To drink or not to drink?
I remember writing a piece titled, "To drink or not to drink" in 2010. Few years have flown by since. But my thoughts on the issue of Nagaland Liquor Total Prohibition (NLTP) have more or less stayed the same. I believe nothing much has also changed as far as the issue is concerned. If anything, the illegal trade of liquor has probably thrived. People- young, old, teenagers, elderly-age no bar, have continued to drink, and get drunk even. Some of them in the trade have also gotten richer, right in front of our eyes. Many dingy, so called booze joints have been transformed to palatial buildings over the years.
We have seen the trade grow. We have also seen family, friends and people we know, turn to alcoholics. Some of them have even died of alcohol. Sad, but true! Well, they say, the increase in number is also because of the consumption of adulterated liquor. Many school children are already drinking, too! Why? Because there is no question of underage drinking in the existence of liquor prohibition. Many teenagers are out there, drinking all they want, making another, supposedly unassuming shopkeeper’s day.
Because ironically, liquor is available everywhere although interestingly, this doesn’t seem to bother our society as a whole. I never understood why we needed such an Act in the first place. Especially when, to drink or not to drink is one of the most personal choices a person can make. And nothing, not even prohibition, is ever going to change that! Those who drink will drink anyway, with or without prohibition. Like we see it happening around us on a daily basis. Only disadvantage is that they are getting a raw deal, which is ultimately impacting the society we live in, in ways more than one.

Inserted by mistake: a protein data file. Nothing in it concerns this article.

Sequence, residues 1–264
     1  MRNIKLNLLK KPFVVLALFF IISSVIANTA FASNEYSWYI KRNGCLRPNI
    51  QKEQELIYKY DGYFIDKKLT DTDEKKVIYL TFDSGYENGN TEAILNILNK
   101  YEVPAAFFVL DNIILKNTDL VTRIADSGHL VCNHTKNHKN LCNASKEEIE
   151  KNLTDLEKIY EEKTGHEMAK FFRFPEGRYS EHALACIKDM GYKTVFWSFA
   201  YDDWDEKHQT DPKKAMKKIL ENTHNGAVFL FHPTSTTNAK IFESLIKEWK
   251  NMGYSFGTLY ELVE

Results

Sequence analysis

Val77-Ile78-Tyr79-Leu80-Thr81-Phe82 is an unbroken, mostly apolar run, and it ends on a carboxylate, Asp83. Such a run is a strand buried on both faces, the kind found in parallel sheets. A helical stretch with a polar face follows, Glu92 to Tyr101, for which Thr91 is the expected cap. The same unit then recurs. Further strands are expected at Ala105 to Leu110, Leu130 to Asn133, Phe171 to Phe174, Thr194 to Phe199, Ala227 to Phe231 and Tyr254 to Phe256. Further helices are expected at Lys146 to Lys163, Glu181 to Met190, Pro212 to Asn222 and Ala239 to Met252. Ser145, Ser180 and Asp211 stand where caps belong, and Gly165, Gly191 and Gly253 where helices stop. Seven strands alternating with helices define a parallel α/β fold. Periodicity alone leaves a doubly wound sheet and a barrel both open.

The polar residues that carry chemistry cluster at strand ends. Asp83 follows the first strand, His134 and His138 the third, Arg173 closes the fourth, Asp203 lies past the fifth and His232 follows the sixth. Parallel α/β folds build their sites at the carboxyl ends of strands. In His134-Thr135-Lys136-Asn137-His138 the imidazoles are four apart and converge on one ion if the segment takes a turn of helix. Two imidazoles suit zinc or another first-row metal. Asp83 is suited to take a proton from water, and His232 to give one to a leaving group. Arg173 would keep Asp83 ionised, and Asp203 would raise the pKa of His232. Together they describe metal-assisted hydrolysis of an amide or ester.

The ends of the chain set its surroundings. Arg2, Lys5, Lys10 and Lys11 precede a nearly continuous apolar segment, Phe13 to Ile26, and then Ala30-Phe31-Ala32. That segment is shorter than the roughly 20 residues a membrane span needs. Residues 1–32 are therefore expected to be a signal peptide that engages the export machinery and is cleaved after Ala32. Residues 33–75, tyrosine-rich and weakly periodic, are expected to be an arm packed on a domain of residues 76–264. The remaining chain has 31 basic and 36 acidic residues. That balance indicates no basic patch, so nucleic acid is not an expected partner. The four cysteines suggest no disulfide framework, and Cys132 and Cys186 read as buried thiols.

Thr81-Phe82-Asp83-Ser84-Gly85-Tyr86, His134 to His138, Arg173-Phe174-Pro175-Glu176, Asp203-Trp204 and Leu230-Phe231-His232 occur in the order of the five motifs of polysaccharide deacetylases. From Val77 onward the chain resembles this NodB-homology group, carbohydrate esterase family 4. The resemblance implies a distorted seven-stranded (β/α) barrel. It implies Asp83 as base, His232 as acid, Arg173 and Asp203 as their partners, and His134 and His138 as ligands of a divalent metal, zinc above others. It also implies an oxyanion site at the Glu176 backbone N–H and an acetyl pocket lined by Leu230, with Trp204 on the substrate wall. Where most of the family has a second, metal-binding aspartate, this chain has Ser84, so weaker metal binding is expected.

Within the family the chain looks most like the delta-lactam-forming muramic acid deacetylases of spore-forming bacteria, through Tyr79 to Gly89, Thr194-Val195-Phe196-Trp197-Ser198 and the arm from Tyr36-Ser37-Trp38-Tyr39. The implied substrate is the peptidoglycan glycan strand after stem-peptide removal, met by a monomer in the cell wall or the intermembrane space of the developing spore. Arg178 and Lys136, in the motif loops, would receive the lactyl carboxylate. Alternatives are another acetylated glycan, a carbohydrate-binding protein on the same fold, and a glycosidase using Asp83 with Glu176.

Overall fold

While on the other hand, we fool ourselves into thinking that the prohibition act has done more good than harm. Who are we kidding when we flash news and photographs of liquor being seized and destroyed, and a handful of those involved are being arrested? I find these lame when the greater percentage of those in the trade are freely running their liquor businesses…you will agree with me- some in their own homes, some in small joints, some in hotels, and numerous others in paan shops.
And to think we have faith in the NLTP Act when we read of action being taken on violation of the Act! I mean nothing can be more ridiculous than that. To take the Act seriously is one thing. Actually, it might have helped if it was taken seriously. But obviously, that’s not happening. If it was, we would have seen some positive results by now even if it still means drinking is a personal choice.
Sadly and ironically, in spite of the Act, and even after years and years of its existence, the society’s familiarity with alcohol is firmly intact. And this must surely mean that either the implementation of the Act is deeply flawed or it’s never going to work in a society like ours.
Either way, as for me, I will continue to vouch for lifting it and also continue to say, think, and feel that, to drink or not to drink will always be an individual’s personal choice, and nobody or nothing can possibly change it.